The word used here is 'kapah.' It is referring to the gesture 'she opens', although blueletterbible.org does not use the word for this verse. It does not even use the word used in the previous verse. The lexicon lists the word as 'kaph' which means 'spoon'. The translation from the Hebrew is 'she opens'. Just as a spoon holds something in the bowl of it, her hand is not empty. There is something in her hand for the poor.
In every Jewish home there is a small box, called a tzadakah, and coins are dropped into it each week. This money is meant to be used towards a charitable cause or a person in need. So this woman has something in her hand and opens it in order to allow the other person to receive that offering.
. . .and reaches her hands out to the needy...
She's moved beyond merely giving the occasional coin from her tzadakah box. She has been moved to such a state of compassion that she extends out her arms, holding them out, hands reaching outward in a gesture of wanting to gather the needy in towards her. This is spiritual growth!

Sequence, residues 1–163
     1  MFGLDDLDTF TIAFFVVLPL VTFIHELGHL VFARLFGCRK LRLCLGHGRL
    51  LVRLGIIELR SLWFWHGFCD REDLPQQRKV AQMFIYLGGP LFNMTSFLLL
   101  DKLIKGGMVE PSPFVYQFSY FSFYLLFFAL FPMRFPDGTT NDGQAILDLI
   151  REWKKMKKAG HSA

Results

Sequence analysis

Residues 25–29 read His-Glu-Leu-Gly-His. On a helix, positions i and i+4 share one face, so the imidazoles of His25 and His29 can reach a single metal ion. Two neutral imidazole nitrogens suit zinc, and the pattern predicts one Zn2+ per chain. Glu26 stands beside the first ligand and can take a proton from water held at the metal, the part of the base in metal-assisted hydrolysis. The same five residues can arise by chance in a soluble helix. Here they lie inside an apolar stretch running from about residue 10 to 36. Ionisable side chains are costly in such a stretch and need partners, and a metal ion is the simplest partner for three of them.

How often have any one of us ignored the needs of others, aware that we are doing just that and walking away? We may be charitable...at a distance. We like to give but we prefer not to deal with those whom we're giving to. This woman has moved beyond that place and has publicly reached out, moving out of the comfortable distance and into an awareness of the needy who are right before her.
Matthew 25: 35-40 35 For I was hungry and you gave me something to eat, I was thirsty and you gave me something to drink, I was a stranger and you invited me in, 36 I needed clothes and you clothed me, I was sick and you looked after me, I was in prison and you came to visit me.’
37 “Then the righteous will answer him, ‘Lord, when did we see you hungry and feed you, or thirsty and give you something to drink? 38 When did we see you a stranger and invite you in, or needing clothes and clothe you? 39 When did we see you sick or in prison and go to visit you?’
40 “The King will reply, ‘Truly I tell you, whatever you did for one of the least of these brothers and sisters of mine, you did for me.’